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Steve Evans' replacement at Rotherham: The Runners and Riders

Rotherham are searching for a new manager after the shock exit of Steve Evans on Monday.

Evans left his position after three and a half years with the Millers, where he guided them from League Two to Championship safety.

Here is a look at the potential candidates to replace the colourful Scot at the Millers helm.

Neil Redfearn

The former Leeds boss has been out of work since leaving Elland Road in the summer following a tumultuous spell under Massimo Cellino. He walked away from the club with his reputation in tact and Press Association Sport understands that he would be interested in talking to the South Yorkshire club. He has a proven track record of managing at Championship level and also at developing youth – a facet of the Millers which has been neglected during Evans' reign.

Brian McDermott

Another former Leeds boss to be linked with the job, McDermott is currently chief scout for Arsenal, having not managed since his Elland Road sacking in May 2014. A man with huge pedigree of managing in the Championship, McDermott enjoyed huge success with Reading, taking them to the Premier League. With hugely-ambitious chairman Tony Stewart looking for the club to move on, his dealings at the top end of the division could make him an ideal candidate.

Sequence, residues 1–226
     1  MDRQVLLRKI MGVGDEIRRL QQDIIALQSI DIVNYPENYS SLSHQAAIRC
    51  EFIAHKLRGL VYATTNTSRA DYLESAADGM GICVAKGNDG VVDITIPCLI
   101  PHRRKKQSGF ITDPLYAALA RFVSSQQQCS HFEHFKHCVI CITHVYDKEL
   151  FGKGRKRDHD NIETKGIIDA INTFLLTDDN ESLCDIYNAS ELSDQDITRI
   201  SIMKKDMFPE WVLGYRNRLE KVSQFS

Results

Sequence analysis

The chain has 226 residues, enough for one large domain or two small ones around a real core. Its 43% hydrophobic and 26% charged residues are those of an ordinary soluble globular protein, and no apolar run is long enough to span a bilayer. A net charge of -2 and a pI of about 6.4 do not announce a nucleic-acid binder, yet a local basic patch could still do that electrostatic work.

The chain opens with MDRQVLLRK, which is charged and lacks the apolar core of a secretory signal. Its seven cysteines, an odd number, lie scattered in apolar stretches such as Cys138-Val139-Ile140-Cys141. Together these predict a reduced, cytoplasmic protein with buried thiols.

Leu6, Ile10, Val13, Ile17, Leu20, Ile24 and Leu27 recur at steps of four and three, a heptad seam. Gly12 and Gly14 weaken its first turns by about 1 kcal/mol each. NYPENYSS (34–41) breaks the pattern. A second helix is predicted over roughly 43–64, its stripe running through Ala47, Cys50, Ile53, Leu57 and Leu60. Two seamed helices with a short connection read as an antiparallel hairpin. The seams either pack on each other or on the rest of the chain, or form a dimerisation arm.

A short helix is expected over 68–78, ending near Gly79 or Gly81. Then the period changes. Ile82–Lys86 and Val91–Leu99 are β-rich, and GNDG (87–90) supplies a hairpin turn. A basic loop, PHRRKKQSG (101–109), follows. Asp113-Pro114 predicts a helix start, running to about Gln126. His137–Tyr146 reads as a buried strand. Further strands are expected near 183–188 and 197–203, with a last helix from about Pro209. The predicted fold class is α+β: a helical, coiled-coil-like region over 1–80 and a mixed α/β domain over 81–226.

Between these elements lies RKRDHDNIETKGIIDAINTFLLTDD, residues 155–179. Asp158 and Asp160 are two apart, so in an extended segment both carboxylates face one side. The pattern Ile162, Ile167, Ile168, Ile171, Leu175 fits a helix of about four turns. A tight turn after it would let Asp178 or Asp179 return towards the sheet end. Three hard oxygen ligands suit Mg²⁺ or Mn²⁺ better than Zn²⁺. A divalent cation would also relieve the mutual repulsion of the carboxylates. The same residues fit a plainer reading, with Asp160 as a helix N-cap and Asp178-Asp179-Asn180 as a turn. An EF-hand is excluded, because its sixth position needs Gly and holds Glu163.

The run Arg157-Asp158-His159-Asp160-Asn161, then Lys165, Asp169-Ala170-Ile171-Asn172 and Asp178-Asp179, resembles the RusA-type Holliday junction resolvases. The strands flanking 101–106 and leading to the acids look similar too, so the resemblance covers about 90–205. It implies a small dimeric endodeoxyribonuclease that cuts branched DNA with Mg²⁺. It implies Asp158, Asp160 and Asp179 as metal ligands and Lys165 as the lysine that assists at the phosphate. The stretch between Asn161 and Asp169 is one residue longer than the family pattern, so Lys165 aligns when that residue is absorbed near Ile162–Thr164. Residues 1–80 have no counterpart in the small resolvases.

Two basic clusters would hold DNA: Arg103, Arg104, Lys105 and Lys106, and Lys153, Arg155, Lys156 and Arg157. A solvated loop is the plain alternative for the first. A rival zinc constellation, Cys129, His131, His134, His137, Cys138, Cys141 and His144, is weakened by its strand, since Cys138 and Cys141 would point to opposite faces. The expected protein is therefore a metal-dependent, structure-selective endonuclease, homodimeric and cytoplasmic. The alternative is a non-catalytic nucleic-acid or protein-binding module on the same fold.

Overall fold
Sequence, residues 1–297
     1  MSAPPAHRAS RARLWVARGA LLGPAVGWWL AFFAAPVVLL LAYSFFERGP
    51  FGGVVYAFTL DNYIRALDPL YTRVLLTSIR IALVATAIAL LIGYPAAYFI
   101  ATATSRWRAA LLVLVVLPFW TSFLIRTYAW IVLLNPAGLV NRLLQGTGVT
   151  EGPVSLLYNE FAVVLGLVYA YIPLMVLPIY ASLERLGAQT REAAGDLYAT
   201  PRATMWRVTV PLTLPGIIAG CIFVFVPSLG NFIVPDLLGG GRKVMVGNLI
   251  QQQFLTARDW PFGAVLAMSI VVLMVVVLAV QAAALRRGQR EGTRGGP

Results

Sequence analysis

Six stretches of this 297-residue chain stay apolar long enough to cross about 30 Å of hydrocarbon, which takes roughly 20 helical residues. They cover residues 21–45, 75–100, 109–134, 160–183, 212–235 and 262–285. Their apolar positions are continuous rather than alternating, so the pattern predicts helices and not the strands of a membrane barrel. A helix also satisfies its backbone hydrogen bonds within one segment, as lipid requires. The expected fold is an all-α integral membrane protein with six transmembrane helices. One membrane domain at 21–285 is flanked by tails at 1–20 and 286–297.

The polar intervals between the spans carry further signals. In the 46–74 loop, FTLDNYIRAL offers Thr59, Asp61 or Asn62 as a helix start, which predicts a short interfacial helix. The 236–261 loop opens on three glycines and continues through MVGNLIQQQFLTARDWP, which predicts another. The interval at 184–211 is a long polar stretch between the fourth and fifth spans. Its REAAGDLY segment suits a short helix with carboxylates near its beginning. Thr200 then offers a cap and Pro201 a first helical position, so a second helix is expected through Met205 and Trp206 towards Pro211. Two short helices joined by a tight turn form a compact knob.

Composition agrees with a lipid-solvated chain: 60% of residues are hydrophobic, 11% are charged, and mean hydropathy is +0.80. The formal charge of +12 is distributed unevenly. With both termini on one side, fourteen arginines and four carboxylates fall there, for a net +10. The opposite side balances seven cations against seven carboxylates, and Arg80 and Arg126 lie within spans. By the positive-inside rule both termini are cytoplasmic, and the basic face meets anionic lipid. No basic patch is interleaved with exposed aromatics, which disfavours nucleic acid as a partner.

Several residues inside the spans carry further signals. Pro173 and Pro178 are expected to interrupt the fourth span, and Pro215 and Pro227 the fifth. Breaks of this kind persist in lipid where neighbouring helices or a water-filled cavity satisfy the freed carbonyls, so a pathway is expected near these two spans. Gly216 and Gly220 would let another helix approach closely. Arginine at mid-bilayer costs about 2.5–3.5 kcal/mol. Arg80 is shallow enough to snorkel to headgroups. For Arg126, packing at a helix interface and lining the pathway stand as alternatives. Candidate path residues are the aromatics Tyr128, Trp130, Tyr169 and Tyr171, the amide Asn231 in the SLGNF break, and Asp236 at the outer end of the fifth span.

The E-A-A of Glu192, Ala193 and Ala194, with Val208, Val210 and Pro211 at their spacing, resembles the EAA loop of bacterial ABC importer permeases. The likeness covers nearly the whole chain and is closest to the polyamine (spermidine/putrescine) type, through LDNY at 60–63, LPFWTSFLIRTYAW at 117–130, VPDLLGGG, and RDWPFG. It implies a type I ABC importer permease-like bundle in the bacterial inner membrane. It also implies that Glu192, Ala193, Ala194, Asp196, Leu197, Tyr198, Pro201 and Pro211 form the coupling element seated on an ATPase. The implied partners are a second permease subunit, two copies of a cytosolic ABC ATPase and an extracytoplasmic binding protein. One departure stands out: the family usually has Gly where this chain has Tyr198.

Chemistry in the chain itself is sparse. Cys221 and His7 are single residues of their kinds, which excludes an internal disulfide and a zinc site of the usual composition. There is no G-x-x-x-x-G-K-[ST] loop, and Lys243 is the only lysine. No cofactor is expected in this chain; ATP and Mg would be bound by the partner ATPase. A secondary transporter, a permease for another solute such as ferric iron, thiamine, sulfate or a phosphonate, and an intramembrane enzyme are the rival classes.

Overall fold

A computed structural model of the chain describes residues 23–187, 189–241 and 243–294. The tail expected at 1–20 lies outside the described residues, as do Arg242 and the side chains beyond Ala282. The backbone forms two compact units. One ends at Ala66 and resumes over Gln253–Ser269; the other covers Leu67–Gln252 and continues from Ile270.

Paul Hurst

Perhaps an outsider, the Grimsby manager could be a contender owing to his intrinsic links to the Millers. Hurst was a one-man club, spending his entire career with the South Yorkshire outfit and his 500-plus appearances between 1993-2008 make him the record-appearance holder. He's managed exclusively in non-league and is charged with getting the Mariners back into the Football League, having missed out in the play-offs on the last two seasons. His lack of experience could count against him, though he had four years of playing time in the Championship a decade ago.

Stuart Gray

Gray is the bookmakers' favourite to land the position, primarily due to his South Yorkshire links. Having played for Barnsley, he was most recently manager of Sheffield Wednesday until his sacking in the summer, which came after leading the Owls to their highest-placed finish in years. As a manager and person, Gray could not be more different to Evans, but his experience of fending off relegation trouble at Hillsborough and coaching skills could make him a good fit at New York Stadium.

Ian Holloway

Having employed Evans, chairman Stewart may have a liking for characters, with jobless Holloway certainly ticking that box. The 52-year-old has been out of work since leaving Millwall at the back end of last season where he was embroiled in a relegation battle and that could count against him. However, prior to that Holloway had a fine record in the second tier, taking unfashionable Blackpool to the top flight and repeating the feat with Crystal Palace.

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